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Op/ed: Democratizing Engineering for Every High School Student

Classes Lead to Careers, Support Nation’s Need for More STEM Grads, Pines Says

By Darryll J. Pines

Group works on robotic vehicle

UMD President Darryll J. Pines writes in a new essay that the nation needs to boost its training of a diverse domestic STEM workforce, particularly in engineering, by offering classes in the field to all high schoolers.

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The United States’ longstanding appeal to talent from around the globe in science, technology, engineering and mathematics (STEM) has helped the nation thrive, but now it’s time to focus on bolstering our training of a domestic workforce of scientists—and engineers in particular, writes University of Maryland President Darryll J. Pines in a new essay published yesterday in Issues in Science and Technology.

Pines, the principal investigator for the Engineering For US All (E4USA) program, writes that the nation’s current STEM shortages can’t be addressed just by attracting more global talent. One way to address the engineer shortage, he says, is through high school programming like the National Science Foundation-sponsored E4USA, designed to increase interest in the field and help a diverse range of future college engineering students build a foundation for success.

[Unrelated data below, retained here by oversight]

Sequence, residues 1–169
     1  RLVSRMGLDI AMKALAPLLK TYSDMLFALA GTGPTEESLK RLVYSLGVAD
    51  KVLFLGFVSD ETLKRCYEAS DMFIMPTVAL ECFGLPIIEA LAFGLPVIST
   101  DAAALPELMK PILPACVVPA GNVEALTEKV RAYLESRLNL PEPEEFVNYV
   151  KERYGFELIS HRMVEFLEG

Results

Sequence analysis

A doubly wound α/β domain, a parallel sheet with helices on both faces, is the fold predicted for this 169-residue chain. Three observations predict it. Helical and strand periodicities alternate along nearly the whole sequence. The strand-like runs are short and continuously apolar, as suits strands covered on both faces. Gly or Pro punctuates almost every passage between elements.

Indeed, the United States is facing a crisis in its K–12 pipeline. According to data from the National Student Clearinghouse Research Center, the percentage of US high school students enrolling directly in college in 2020 showed an “unprecedented” decline of between 4% and 10%. And while the US Bureau of Labor Statistics predicts STEM jobs will grow twice as fast as other occupations by 2029, research continues to show high school students have declining interests in STEM fields.

The gap in the US STEM pipeline is exacerbated by the large proportion of international graduates who either return overseas or work for foreign companies that compete with US companies. According to the 2020 Industrial Capabilities Report to Congress, China is producing eight times as many STEM graduates per capita as the United States (despite its population being four times as large)—and the trend continues to worsen.

This geopolitical dilemma requires a three-pronged response. First, the United States must make continued investments in basic scientific research. Second, the country must expand the pipeline of diverse STEM graduates. And third, engineering must be a requirement for every high school student. Together, these policies are an urgent national imperative.

Read the rest in Issues in Science and Technology.

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